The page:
The sensor signal characterisation may be in terms of one or more parameters derived from the time domain signal such as root mean square, signal energy, mean level, average level, average rectified level, average peak, crest factor, standard deviation, variance, kurtosis and other proprietary methods.

The characteristic change in a detected sensor signal used to recognise the starting of the machine may be associated with a change, such as an increase, in a sensor signal or a resultant change in any derived sensor signal characterisation.

The characteristic change in a detected sensor signal used to recognise the stopping of the machine may be associated with a change, such as a decrease, in a sensor signal or a resultant change in any derived sensor signal characterisation.

The characteristic change in an externally generated signal used to recognise the starting and stopping of the machine may be associated with easily detectable changes such as increases and decreases in the external signal level.

The pre-determined time periods may include a delay period after the detection of the starting of the machine operation to allow for the machine to attain steady state operation before signal characterisation resumes.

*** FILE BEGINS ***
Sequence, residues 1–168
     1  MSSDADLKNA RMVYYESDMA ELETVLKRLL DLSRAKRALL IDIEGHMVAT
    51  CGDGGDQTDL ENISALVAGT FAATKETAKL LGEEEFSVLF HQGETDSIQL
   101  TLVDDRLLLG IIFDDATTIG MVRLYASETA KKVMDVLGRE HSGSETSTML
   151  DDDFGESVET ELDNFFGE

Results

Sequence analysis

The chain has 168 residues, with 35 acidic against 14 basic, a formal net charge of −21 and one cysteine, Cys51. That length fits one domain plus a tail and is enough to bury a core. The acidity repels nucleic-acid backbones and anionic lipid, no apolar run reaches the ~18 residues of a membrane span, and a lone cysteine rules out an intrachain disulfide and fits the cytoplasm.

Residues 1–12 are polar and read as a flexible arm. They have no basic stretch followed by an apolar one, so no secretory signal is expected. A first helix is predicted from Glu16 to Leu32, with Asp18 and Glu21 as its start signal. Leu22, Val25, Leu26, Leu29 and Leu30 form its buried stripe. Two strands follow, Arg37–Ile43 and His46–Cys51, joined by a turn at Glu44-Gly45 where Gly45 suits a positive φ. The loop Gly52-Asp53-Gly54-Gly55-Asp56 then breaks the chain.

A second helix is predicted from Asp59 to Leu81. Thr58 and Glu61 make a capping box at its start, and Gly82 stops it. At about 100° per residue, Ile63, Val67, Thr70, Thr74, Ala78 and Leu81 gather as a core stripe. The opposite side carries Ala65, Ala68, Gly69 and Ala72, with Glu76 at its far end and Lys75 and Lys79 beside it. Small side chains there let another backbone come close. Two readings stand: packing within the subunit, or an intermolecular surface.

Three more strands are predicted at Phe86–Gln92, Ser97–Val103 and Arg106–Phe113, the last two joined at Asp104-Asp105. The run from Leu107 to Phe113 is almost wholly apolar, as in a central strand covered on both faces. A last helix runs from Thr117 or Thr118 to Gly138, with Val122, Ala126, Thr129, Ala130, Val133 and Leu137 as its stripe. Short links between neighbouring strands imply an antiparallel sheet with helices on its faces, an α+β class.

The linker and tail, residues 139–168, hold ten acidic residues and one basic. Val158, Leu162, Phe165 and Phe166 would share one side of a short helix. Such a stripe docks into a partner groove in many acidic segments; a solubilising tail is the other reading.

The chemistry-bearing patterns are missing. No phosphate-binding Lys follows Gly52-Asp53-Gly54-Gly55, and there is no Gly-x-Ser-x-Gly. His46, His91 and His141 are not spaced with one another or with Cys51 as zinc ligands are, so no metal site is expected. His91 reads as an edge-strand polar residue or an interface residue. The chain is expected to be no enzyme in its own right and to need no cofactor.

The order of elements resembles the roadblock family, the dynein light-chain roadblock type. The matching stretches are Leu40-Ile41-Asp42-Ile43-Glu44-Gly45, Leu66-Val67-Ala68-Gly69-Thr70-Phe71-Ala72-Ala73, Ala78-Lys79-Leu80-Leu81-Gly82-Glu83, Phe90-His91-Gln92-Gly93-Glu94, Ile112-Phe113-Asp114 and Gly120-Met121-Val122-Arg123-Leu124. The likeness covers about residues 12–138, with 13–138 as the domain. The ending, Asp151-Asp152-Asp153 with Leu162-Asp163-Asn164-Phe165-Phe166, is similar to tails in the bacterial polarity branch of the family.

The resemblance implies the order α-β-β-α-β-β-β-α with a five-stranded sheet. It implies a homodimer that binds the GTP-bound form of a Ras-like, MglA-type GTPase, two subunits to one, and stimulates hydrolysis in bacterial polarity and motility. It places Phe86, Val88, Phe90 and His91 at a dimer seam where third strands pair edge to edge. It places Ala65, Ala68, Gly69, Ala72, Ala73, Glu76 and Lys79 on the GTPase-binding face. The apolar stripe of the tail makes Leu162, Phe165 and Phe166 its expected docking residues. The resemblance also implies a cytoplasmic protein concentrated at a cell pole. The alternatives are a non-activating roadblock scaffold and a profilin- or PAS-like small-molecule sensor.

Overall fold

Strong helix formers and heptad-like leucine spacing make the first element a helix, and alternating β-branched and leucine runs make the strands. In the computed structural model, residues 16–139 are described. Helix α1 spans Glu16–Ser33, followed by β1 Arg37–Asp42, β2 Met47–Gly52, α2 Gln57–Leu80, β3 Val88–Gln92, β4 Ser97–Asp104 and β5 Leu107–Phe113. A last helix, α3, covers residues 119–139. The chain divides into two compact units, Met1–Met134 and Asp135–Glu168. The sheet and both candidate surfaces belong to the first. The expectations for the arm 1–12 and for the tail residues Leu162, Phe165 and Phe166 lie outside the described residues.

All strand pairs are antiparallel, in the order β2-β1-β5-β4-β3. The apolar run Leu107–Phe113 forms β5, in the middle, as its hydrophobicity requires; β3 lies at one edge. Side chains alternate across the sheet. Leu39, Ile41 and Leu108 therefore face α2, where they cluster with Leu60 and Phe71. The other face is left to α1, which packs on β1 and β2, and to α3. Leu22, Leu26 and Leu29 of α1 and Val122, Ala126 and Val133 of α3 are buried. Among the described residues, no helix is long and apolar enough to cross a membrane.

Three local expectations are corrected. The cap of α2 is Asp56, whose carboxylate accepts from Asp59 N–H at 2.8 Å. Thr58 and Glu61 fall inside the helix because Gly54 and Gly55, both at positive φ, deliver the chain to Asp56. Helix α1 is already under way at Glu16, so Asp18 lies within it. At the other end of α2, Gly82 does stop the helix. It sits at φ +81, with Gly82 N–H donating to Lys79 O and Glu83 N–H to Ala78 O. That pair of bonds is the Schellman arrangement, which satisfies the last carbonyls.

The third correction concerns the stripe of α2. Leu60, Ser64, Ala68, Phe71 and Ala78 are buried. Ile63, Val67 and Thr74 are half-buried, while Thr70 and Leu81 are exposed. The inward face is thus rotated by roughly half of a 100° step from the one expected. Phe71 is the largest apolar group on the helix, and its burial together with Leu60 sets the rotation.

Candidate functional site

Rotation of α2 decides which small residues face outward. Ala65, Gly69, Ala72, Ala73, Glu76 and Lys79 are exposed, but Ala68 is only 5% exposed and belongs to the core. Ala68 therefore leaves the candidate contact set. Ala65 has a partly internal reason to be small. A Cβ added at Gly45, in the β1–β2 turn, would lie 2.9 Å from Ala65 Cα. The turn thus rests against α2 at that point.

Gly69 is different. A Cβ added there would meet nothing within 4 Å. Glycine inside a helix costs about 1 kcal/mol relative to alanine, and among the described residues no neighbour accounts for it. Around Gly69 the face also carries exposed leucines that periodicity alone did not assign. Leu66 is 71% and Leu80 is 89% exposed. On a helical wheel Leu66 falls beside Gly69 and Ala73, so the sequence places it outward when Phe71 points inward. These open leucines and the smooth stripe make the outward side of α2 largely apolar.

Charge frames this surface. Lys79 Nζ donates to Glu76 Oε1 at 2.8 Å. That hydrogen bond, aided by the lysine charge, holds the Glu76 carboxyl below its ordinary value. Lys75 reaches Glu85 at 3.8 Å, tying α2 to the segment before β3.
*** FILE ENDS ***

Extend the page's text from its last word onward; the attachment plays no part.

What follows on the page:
The pre-determined time periods may include a rejection period to inhibit changes to the signal characterisation prior to the detection of the stopping of the machine operation to allow for any anticipated changes in the machine operation before detection of machine operation stopping.

The sensor signal characterisation may be conducted over shorter samples of the sensor signal than would otherwise be required to produce a statistically significant measurement and the signal characterisation interrupted and resumed in such a way as to carry forward from one period of steady state running to another values derived from the sensor signal useful to an on-going signal characterisation encompassing an appropriate aggregate signal duration at the steady state running condition to produce a statistically significant measurement.

The sensor signal characterisation may be conducted on a digitally stored sample of the sensor signal or a derivative or derivatives of it covering a period of steady state running of an appropriate duration at the steady state running condition to produce a statistically significant measurement comprising an aggregate of shorter samples of the sensor signal than would otherwise be required to produce a statistically significant measurement.

The signal characterisation may be performed within the same housing as the sensing means.